Advice for afraid of losing contact with his children
Dear readers: There’s been much feedback regarding the father whose university-age daughters cut contact with him. He fears his daughter, 9, will follow due to their mother’s “brainwashing” (April 5):
Reader #1: “There are things missing in his story. He’s been legally separated for a year, but (why did) his two older children cut contact with him four years ago, and visitation of his youngest is only by verbal agreement?
“As a father myself, with three sets of children from three marriages, I realize I was not the best husband. But despite attempts by the mothers, the bond with my children was unbreakable.
“Most fathers I know only try to make that strong bond after divorce, not before. But kids are now and your relationship with them as adults depends on your relationship with them as children.
Reader #2: “I’m disturbed when I hear parents assuming that their child has been “brainwashed” by their exspouse.
“Especially in the instance of adult children, as mentioned here, I think they deserve more credit than that.
“If this father wants to pursue a renewed relationship with his adult daughters, he should take an objective look at himself and ask why they might’ve made that decision (to end contact).
“I doubt their arms would be wide open to someone who thinks they’ve been brainwashed and that their decisions/opinions aren’t their own.”
Reader #3: “I agree with your advice that children be told that the separation/ divorce is not about the children, nor changes the parents’ love for the children. However, as children get older, they may come to understand that one of the parents did act without regard for the impact on their children then, or later on. And that one parent’s actions did have ill effects for the child and perhaps for the other parent, too.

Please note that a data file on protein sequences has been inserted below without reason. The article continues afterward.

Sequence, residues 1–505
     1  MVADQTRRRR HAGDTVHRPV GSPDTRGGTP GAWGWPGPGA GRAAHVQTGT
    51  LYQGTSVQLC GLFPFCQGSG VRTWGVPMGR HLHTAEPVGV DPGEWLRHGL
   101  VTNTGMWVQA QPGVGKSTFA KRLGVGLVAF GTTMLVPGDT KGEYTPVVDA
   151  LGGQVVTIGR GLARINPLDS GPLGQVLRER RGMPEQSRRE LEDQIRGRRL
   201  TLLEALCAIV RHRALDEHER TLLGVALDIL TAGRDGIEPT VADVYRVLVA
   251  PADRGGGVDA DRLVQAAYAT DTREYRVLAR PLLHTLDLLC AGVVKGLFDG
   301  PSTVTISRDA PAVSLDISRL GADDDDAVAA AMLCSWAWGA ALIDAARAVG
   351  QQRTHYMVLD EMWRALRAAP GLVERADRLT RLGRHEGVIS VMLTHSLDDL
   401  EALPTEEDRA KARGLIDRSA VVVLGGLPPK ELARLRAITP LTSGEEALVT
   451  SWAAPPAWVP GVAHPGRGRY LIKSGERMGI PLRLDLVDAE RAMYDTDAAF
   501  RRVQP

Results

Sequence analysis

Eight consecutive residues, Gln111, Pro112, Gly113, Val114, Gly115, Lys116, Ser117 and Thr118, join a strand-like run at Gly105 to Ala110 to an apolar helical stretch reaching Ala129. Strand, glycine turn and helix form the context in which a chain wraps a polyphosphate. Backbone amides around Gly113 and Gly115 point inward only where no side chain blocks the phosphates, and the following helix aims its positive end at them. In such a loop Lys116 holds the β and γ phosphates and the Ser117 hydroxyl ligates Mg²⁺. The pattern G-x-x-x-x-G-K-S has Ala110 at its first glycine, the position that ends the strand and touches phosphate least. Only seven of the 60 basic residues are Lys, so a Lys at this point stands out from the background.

“I’ve known a man who, while still married to the mother of his child, met online and married a second woman in China; technically, it was bigamy.
“His first wife eventually found out and left him.
To this day, he continues to deny he was legally married to either wife, despite overwhelming publicly-available evidence to the contrary.
“He loves his child, and labels the increasing distance from the child “parental alienation” by the mother, rather than taking responsibility for how this hurt the child (now a young adult).
“I believe the child isn’t wrong to wonder why the father cannot see how much this hurt, no matter how hard the mother may provide a balanced view of events.
“His first marriage may’ve been bad and leaving it may’ve been for the best, but how he did it and his denial of it, seems callous of the feelings of others.”
I don’t want to go to the wedding
Q. I come from heavy drinkers on both sides of my parents’ families.
I got sober 25 years ago, which affected my family relationships. We maintained contact while my parents were alive.
Since they’ve passed, I’ve become gradually estranged from all family, including my brother, whom I believe has a drinking problem.
His son’s soon getting married and I still have no inclination to renew family connections. They’ve never been supportive of my sober status.
I don’t need them in my life. I’ve come to be okay with a busy job and supportive friends.
What do I do with an invitation requesting an RSVP to my nephew’s upcoming wedding?
A. Send a gift you can afford, say you won’t be attending, but wish happiness for your nephew and his bride.
He’s done you no harm. There’s no need to use the occasion to comment on his father or other relatives’ failings.